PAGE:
The burger: A hamburger that pretty much melts in your mouth? A rarity here in Burgerlandia. Still, an exception can be made for Murray's, where chef John Van House doesn’t bother with chuck, rump, brisket and other proletarian burger cuts.

Not inside the home of the vaunted Silver Butter Knife Steak. Instead, Van House relies upon meat cutter Boyd Freeman to diligently gather and set aside prized scraps from the strip loins, tenderloins and rib eyes that have long been the culinary backbone of this 67-year-old downtown Minneapolis institution, funneling the trimmings into a meat grinder and then into the restaurant's sublime burgers.

(Like the Silver Butter Knife, Freeman is another rock-solid Murray's foundation, having first walked through the kitchen door in 1976. "He's not going to like me saying this, but Boyd is honestly the heart of the crew," said Van House.)

With such velvety beef at his disposal, Van House minimizes thoughts of intervention, incorporating just a bit of fat (Freeman keeps a lookout during his butchering duties) to bump up the richness factor, then adding a dash of the salt-forward, proprietary seasoning mix that Van House applies to the menu's steaks.

Forget about grilling or frying. At Murray's, the name of the game is broiling, with each burger going through the same  800- to 1,000-degree heat blast responsible for the mouth-watering, caramelized sear that envelopes the kitchen’s steaks. 

It isn't often that an open-faced burger arrives at the table with a tiny but noticeable pool of juices filling an indent on the patty’s surface. Those juices, when they weren’t later running down my chin, also managed to find themselves seeping into a lightly toasted, generously buttered bun peppered with sesame seeds and poppy seeds. 

Garnishes? Very less is more. Expect little beyond a single lettuce leaf -- more for color than flavor, I suspect -- a pungent ring of raw red onions and a patty-blanketing tomato slice.

While I'm on the subject of tomatoes, I lucked into a gorgeous heirloom variety (so deeply golden that at first glance I mistook it for a decadently thick slab of cheddar cheese), its bright acidity a marvelous foil to the beef’s overt richness. Unfortunately, with the local tomato season sputtering to its inevitable autumn conclusion, Van House has very recently switched to hydroponically raised red beefsteak tomatoes. I'm sure they're a worthy winter replacement.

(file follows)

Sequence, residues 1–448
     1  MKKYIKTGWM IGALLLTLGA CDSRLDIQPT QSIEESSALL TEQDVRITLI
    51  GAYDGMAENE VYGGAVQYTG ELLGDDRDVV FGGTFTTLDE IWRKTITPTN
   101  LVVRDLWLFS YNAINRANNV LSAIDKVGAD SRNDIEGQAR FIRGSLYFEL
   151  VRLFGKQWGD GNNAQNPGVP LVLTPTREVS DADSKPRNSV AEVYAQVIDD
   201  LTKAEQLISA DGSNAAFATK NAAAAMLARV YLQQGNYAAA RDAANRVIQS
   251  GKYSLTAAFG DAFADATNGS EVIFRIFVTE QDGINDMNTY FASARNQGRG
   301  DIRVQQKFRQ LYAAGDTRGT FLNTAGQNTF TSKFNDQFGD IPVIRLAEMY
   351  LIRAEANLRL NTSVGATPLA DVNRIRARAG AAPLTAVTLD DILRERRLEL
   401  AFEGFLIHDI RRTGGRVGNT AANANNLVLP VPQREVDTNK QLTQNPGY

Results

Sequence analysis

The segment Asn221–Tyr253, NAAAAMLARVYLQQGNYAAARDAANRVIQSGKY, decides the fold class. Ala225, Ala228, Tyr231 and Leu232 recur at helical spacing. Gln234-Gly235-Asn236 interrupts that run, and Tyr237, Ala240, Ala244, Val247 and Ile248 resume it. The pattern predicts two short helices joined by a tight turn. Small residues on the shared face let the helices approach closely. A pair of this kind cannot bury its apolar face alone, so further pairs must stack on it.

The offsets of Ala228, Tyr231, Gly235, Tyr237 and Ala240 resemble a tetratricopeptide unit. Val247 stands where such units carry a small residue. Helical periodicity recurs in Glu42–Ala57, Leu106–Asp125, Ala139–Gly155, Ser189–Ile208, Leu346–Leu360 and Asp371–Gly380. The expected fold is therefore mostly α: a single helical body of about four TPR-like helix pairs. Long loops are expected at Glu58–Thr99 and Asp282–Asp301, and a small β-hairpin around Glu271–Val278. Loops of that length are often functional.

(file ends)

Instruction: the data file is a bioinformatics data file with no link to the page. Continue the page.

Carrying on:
But really, with this burger, it’s all circles back to the beef. Each pudgy, 8-oz. patty is loosely formed, by hand. It hugs the bun's outer edges and is so tender that it collapses, rather magnificently, under the slightest pressure.

“Ordering our burger is like getting one of our steaks, without paying the price,” said Van House. That’s not so far from reality. The moral of this story: You want a top-flight burger, you go to a steakhouse. Specifically, Murray's. 

Price: $10 at lunch, which Van House accurately describes as a “steal deal.” And then some. Think of it this way: Steakhouse qualty, tavern prices.

Insider's tip: The dinner menu doesn't include a burger per se, but Van House and his crew will prepare one at a diner's request; you just have to know to ask. The price is a flat rate of $16, with no extra charge to add up to a half-dozen toppings.

Fries: Included. They’re fine – deeply tan, veering toward brown, with a crispy, sturdy bite and plenty of that only-at-Murray's seasoning to keep things lively. But if you’re going to travel down the carbs road, why not concentrate on nibbling through that gratis basket of Murray’s famous (and famously old-school) garlic toast (pictured, above), so crisp and buttery and shamelessly addicting?

History lesson: Despite a recent renovation (which cleaned up a lot of the past mistakes of the prior makeover, and re-organized the famous Murray's dining room and bar into more user-friendly nuggets), one of the restaurant's most appealing aspects is its sense of history, a rarity in the city I like to call Teardownapolis. Take a moment to study the Murray family photos hanging in the lobby. 

Address book: 26 S. 6th St. (between Hennepin Av. and Nicollet Mall), Mpls., 612-339-0909. Open for lunch 11 a.m. to 2:30 p.m. weekdays, open for dinner 5 to 10 p.m. Sunday through Thursday and 5 to 10:30 p.m. Friday and Saturday. Happy hour 4 to 7 p.m. weekdays.

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